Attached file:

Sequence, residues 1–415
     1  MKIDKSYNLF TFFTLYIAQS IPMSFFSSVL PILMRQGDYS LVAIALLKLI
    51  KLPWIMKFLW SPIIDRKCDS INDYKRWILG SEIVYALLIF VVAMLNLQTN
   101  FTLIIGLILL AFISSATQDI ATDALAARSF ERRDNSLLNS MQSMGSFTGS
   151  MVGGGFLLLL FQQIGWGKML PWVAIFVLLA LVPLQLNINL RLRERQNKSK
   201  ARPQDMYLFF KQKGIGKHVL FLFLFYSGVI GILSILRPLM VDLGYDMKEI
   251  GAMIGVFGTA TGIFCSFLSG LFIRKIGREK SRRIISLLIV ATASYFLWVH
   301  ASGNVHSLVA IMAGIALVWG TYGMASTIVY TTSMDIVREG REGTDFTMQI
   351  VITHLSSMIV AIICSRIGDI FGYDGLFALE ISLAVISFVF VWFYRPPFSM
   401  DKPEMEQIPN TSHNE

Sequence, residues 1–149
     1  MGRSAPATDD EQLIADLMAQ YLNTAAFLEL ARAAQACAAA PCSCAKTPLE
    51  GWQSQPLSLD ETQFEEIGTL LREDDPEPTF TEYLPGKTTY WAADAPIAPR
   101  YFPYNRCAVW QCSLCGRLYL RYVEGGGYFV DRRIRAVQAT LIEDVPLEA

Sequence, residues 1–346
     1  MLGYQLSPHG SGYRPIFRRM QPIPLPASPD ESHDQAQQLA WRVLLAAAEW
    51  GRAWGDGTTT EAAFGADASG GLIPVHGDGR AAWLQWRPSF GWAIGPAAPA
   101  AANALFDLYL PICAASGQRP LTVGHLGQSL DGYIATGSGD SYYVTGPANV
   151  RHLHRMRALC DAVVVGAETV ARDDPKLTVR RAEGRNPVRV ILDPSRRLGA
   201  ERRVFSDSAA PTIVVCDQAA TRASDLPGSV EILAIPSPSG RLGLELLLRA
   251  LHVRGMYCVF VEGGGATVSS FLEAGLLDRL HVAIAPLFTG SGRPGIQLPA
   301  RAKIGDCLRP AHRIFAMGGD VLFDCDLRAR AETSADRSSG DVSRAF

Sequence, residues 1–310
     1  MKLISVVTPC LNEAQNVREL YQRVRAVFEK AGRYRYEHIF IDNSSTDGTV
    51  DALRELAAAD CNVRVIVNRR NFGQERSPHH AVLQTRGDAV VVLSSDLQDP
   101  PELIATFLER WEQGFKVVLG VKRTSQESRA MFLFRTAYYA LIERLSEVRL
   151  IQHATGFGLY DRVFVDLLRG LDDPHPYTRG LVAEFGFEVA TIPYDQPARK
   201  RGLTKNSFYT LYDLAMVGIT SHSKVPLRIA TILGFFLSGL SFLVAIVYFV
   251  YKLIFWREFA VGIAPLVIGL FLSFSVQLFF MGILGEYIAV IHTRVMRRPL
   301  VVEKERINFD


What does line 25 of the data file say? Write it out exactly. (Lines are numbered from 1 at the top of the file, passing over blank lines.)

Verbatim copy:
    51  DALRELAAAD CNVRVIVNRR NFGQERSPHH AVLQTRGDAV VVLSSDLQDP